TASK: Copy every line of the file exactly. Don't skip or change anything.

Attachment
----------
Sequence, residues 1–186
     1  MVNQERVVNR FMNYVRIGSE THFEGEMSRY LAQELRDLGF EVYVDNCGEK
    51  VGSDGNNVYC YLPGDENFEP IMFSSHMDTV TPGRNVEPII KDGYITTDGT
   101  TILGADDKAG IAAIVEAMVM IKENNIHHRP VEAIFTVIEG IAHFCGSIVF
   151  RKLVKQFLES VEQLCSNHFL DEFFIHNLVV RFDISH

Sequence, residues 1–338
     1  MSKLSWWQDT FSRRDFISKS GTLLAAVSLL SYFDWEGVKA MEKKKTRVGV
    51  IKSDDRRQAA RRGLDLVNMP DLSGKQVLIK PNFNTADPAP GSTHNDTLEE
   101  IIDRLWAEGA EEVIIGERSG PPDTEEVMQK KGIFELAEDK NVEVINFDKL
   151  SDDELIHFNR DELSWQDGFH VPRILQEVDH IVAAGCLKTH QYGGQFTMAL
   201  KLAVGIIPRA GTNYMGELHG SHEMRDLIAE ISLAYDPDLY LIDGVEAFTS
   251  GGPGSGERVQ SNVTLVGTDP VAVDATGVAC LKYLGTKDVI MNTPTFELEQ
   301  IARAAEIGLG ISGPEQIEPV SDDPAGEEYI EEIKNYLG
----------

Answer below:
Sequence, residues 1–186
     1  MVNQERVVNR FMNYVRIGSE THFEGEMSRY LAQELRDLGF EVYVDNCGEK
    51  VGSDGNNVYC YLPGDENFEP IMFSSHMDTV TPGRNVEPII KDGYITTDGT
   101  TILGADDKAG IAAIVEAMVM IKENNIHHRP VEAIFTVIEG IAHFCGSIVF
   151  RKLVKQFLES VEQLCSNHFL DEFFIHNLVV RFDISH

Sequence, residues 1–338
     1  MSKLSWWQDT FSRRDFISKS GTLLAAVSLL SYFDWEGVKA MEKKKTRVGV
    51  IKSDDRRQAA RRGLDLVNMP DLSGKQVLIK PNFNTADPAP GSTHNDTLEE
   101  IIDRLWAEGA EEVIIGERSG PPDTEEVMQK KGIFELAEDK NVEVINFDKL
   151  SDDELIHFNR DELSWQDGFH VPRILQEVDH IVAAGCLKTH QYGGQFTMAL
   201  KLAVGIIPRA GTNYMGELHG SHEMRDLIAE ISLAYDPDLY LIDGVEAFTS
   251  GGPGSGERVQ SNVTLVGTDP VAVDATGVAC LKYLGTKDVI MNTPTFELEQ
   301  IARAAEIGLG ISGPEQIEPV SDDPAGEEYI EEIKNYLG